And after that stretch of productivity, Hillman moved Callaspo back to the #2 spot once Chris Getz went on the DL. He went 0-4 and in the last two games was shifted again to the fifth spot. He couldn’t even wait a day before sneaking him back up the lineup.

Well, why? Can’t Hillman just leave it alone and look at where Callaspo’s been productive? He made the same move with DeJesus and has since left him at leadoff. With Butler, Guillen and Ankiel the Royals still have the typical middle of the order kinds of bats which lets Callaspo fit nicely in the the sixth spot.

So maybe the stretch of 4/13-4/18 is a small sample size, as are the first six games Callaspo played in and batted third. But last season, Callaspo exhibited similar differences, hitting better lower in the lineup, usually batting 5th or 7th. Maybe he CAN bat third, but so far, Callaspo hasn’t produced there, and until Butler falters there, he shouldn’t need to try to produce there.

Part of being a good manager, in baseball or in business, is looking at your personnel and putting the right person in the right position for them to succeed and for your organization to succeed. David DeJesus has a track record of producing as a leadoff hitter and tinkering with that can create more problems than it would benefit anyone. Alberto Callaspo rakes batting 5th through 8th. Similar to closing pitchers, some players just can’t get those last three outs, and some just can’t bat third.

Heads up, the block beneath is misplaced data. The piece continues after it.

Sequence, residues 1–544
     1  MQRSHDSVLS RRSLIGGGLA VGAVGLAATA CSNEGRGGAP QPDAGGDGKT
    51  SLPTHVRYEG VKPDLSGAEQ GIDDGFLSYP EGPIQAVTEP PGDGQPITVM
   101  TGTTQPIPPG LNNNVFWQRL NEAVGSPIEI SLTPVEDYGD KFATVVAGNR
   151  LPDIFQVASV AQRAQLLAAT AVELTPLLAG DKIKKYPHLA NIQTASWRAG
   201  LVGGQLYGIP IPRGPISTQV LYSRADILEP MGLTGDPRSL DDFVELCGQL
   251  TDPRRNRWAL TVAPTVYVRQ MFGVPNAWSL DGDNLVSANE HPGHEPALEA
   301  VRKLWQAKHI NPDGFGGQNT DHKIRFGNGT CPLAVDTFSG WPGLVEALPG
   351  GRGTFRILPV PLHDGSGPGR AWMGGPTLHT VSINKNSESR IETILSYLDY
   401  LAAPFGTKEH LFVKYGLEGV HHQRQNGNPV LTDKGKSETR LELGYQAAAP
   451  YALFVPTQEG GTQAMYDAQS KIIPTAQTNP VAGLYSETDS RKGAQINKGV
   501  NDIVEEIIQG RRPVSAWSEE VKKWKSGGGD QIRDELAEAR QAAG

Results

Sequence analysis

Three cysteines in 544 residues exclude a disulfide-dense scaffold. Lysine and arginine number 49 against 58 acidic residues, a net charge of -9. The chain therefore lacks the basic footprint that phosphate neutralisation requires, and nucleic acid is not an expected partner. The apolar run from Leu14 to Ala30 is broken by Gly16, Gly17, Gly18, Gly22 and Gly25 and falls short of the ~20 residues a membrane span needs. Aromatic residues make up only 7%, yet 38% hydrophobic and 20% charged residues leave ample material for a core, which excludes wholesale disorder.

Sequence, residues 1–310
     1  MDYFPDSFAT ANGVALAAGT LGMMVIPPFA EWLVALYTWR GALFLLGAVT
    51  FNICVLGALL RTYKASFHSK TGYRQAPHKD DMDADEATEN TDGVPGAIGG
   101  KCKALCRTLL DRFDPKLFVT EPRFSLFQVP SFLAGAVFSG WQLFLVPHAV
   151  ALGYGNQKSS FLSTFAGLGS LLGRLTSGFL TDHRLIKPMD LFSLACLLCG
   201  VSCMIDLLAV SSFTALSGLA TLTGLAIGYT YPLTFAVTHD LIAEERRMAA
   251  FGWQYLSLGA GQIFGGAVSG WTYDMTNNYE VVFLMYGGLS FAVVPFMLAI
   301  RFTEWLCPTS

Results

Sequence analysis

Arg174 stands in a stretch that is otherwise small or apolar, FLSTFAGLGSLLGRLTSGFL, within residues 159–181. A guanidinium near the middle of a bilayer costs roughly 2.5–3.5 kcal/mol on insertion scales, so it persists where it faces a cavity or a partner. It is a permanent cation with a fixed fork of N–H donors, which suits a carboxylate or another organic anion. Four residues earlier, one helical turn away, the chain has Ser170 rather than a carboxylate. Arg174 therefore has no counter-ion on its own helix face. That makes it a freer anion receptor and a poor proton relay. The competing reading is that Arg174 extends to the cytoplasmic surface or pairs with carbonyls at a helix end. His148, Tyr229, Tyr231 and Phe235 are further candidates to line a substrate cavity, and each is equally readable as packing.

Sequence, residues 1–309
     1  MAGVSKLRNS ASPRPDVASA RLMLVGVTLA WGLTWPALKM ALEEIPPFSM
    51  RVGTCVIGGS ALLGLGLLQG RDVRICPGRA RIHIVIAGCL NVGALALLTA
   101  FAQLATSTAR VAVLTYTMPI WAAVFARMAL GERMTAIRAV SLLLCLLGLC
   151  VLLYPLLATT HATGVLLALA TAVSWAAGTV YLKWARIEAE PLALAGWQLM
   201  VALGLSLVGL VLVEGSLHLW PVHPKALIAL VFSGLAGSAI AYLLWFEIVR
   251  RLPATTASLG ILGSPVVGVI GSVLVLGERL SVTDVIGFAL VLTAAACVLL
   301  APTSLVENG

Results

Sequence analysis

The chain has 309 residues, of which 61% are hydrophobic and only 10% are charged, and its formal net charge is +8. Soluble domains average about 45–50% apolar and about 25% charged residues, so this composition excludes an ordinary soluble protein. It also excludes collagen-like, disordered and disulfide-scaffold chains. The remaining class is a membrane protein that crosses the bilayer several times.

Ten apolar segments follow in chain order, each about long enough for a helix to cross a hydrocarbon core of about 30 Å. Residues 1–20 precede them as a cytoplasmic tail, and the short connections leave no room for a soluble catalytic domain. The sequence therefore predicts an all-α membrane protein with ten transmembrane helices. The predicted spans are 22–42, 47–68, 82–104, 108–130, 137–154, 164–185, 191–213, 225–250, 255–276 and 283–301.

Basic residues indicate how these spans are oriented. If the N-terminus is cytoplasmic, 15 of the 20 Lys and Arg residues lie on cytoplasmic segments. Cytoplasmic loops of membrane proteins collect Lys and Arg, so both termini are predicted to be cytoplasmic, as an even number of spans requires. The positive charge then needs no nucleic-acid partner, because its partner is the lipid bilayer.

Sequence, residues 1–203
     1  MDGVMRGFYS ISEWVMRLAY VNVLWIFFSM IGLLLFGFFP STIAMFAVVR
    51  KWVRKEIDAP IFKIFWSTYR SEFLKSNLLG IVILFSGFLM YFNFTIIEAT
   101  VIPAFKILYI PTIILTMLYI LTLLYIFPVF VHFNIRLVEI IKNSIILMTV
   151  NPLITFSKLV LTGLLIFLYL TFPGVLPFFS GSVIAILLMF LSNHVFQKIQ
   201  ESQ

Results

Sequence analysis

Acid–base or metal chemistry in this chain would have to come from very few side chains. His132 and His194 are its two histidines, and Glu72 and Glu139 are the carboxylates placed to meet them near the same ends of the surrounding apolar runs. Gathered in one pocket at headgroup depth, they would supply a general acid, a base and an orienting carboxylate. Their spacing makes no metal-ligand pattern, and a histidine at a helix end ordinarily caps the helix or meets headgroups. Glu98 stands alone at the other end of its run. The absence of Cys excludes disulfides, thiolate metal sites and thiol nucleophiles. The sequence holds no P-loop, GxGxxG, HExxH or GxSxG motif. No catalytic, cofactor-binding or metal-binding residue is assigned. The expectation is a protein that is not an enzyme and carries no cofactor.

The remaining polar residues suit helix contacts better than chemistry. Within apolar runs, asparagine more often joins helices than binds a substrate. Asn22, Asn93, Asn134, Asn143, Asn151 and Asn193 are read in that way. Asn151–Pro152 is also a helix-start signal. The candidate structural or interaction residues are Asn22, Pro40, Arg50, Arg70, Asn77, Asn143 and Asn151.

I see the same situation with Callaspo right now. Perhaps with another year or two he can make a jump up like Placido Polanco and hit at the top of the lineup. As bad as the Royals lineup can be, there’s still talent. Callaspo doesn’t need to be forced into the third spot. That’s what Billy Butler is for.